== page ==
This post intends to shed light on facts about death penalty in Islam. There is a myth that seems unable to die, the myth that Islam endorses the death penalty. This may sound shocking to many. One of the few things everyone knows about Islam is that it encourages the beheading of people. Most non-Muslims would be hard pressed to explain what Asr is or where Mina is located yet, they know that Islam is the religion that advocates executions. Some Muslims also believe this myth; especially since the breakdown of the Muslim educational system dating back to colonialism that led to a downward spiral in Islamic education in most Muslim countries. This myth, no matter how unreasonable it is, seems to have no Achilles’ heel. Yet a myth it still is.
First let us remove cobwebs that cover this topic. The Qur’an never says that adulterers must be stoned to death. The Qur’an nowhere says that homosexuals should die. The Qur’an never said apostates must die. In fact, the opposite is true. The Quran says:
Those who believed then disbelieved then believed then disbelieved then increased in their disbelief-never will Allah forgive them or guide them to a way [4: 137]
Had Muhammad killed apostates, this verse would have not found its way to the Qur’an, except if we hypothesised that a 7th century Bedouin liberal tampered with the Qur’anic text to make it in line with 21st century political correctness.
Now the question arises “does the Quran mention the death penalty?” Of course it does. All legal texts from the Ancient Greeks till until recently mentioned death penalty. But do not judge before reading further. The Qur’an makes it clear that legal punishments are conditional on an impartial and just system of law. The Qur’an says
O you who have believed, be persistently standing firm for Allah, witnesses in justice, and do not let the hatred of a people prevent you from being just. Be just; that is nearer to righteousness. And fear Allah; indeed, Allah is Acquainted with what you do [5: 8]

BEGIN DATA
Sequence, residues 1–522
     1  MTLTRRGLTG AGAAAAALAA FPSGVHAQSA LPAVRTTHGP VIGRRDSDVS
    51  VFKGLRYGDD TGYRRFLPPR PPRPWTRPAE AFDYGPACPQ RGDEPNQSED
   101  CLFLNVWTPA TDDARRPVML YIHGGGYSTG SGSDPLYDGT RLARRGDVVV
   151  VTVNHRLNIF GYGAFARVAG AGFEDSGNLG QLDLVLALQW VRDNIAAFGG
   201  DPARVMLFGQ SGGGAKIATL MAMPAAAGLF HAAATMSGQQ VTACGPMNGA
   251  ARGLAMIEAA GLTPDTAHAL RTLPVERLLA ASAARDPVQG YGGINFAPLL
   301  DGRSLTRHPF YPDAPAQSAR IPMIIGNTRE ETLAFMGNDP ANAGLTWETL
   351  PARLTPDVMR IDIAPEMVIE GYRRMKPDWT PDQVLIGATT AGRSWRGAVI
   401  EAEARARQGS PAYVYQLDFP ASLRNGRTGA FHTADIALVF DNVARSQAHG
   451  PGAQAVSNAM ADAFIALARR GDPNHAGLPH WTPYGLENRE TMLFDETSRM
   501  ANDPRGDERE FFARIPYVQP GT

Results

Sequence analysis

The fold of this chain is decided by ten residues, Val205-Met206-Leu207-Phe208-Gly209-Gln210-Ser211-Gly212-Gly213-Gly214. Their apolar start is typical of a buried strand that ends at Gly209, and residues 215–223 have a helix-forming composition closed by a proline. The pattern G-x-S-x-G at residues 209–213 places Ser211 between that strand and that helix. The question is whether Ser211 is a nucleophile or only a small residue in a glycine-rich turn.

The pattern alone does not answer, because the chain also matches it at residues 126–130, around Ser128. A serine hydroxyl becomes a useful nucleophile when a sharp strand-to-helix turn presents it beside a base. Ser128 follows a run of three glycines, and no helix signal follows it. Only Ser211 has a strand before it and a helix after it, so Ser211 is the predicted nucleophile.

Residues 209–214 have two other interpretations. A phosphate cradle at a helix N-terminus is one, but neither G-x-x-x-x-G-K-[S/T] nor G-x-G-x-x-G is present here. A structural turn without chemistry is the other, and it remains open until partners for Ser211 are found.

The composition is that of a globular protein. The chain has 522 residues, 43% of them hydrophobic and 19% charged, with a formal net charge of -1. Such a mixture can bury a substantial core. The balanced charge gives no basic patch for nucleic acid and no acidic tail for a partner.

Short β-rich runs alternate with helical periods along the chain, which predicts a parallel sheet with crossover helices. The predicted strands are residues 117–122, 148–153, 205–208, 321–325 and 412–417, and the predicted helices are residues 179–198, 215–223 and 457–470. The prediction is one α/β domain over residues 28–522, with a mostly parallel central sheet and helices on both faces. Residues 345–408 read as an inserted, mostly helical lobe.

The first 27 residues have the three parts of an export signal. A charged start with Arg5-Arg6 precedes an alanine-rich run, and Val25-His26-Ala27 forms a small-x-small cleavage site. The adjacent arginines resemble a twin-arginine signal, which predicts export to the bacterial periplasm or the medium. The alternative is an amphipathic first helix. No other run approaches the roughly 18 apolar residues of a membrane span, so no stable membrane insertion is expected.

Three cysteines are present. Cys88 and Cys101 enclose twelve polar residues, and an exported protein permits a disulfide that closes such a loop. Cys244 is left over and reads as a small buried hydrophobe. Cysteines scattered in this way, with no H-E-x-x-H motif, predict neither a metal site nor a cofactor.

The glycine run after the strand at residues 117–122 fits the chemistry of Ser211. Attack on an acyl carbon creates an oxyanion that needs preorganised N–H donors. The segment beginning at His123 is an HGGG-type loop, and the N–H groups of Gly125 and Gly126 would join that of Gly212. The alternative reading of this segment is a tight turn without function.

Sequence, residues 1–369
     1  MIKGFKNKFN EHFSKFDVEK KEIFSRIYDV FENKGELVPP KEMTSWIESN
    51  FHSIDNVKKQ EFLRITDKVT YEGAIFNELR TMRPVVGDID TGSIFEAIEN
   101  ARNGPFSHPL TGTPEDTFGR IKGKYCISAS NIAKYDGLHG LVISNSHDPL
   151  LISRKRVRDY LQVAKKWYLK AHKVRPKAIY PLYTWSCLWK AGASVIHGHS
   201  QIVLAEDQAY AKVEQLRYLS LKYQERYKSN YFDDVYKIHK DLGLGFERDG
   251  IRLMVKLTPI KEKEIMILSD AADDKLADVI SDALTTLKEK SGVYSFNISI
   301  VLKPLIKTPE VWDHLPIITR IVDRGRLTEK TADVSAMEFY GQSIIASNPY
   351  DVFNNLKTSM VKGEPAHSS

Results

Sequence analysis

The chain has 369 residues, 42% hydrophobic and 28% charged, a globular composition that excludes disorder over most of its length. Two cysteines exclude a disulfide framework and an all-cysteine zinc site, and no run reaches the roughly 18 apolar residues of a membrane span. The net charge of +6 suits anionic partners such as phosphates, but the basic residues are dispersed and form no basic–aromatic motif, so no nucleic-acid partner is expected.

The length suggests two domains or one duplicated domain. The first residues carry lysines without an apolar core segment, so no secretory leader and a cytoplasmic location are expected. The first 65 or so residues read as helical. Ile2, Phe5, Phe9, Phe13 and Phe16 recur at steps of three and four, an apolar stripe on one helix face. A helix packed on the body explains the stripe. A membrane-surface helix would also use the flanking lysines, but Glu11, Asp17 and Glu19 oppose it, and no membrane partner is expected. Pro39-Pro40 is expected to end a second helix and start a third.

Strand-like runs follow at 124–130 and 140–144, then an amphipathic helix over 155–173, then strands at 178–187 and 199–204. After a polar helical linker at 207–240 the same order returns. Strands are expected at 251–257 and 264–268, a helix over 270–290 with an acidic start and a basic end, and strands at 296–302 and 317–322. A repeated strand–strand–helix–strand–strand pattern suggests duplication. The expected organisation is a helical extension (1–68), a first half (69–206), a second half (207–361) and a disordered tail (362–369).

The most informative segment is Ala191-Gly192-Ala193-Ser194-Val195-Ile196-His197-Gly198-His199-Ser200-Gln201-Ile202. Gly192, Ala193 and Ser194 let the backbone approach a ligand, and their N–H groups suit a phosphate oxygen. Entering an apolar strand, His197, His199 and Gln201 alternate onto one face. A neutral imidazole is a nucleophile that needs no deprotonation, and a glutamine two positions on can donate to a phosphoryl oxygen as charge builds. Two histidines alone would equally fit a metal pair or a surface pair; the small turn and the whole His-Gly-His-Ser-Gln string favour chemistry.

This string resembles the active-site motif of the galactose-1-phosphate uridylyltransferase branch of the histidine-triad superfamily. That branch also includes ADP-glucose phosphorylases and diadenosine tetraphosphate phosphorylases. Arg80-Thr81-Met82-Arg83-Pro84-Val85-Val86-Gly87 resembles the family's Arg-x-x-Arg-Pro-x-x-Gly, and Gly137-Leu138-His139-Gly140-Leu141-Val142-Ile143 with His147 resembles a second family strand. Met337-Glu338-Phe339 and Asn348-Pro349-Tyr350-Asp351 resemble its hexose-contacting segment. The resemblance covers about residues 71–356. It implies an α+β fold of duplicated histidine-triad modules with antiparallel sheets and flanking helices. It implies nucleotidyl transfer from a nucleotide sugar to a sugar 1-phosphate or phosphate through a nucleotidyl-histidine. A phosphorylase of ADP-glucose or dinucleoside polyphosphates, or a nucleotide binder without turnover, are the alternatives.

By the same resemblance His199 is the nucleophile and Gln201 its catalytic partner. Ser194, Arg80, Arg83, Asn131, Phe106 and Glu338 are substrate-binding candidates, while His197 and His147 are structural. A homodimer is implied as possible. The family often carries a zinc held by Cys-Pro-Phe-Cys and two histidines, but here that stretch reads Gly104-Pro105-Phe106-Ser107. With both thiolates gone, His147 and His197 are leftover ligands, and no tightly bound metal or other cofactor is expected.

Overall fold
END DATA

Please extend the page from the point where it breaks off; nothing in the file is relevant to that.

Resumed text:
In Islam even if a judge hates someone, loathes him, he must keep his anger at bay and judge impartially according to the law, not according to his personal grudges. Does such an impartial and just legal system exist in any Muslim country? Sheikh Kishk, the renowned visually impaired scholar, told once of a poor Egyptian man who was bitten in the leg by a dog. The dog marred his leg and the man ended up with his flesh torn. The man took the owner of the dog to court. The owner happened to be rich. And powerful. The Egyptian court imprisoned the poor and bitten man for one year, because the court said the man maliciously attacked an innocent dog. The poor man stood up and said to all in the court: “This is the justice in our country. A dog is sanctified while a human being isn’t.” Is this the sort of legal system that Muhammad had in mind when he gave courts the right to decide on life and death? Muhammad said he would punish his own daughter Fatima in the same way he would punish anyone else if she broke the law (Bukhari, 3216). The death penalty cannot be implemented by any legal system that is corrupt. This is self-evident. In the hands of the corrupt, the death penalty becomes a means of playing god, of using judges as death-squads. This point of view is not new in Islamic discourse. In this regard, Karen Armstrong wrote, “The Muslim Brotherhood, for example, from a very early date condemned the Saudis’ use of Islamic punishments as inappropriate and archaic, especially when the lavish wealth of the ruling elite and the unequal distribution of wealth offended far more crucial Qur’anic values” (Islam: A Short History, 2002, p. 162). Tyrannical governments in Muslim countries send to death anyone who speaks out against them or who exposes their crimes to the media.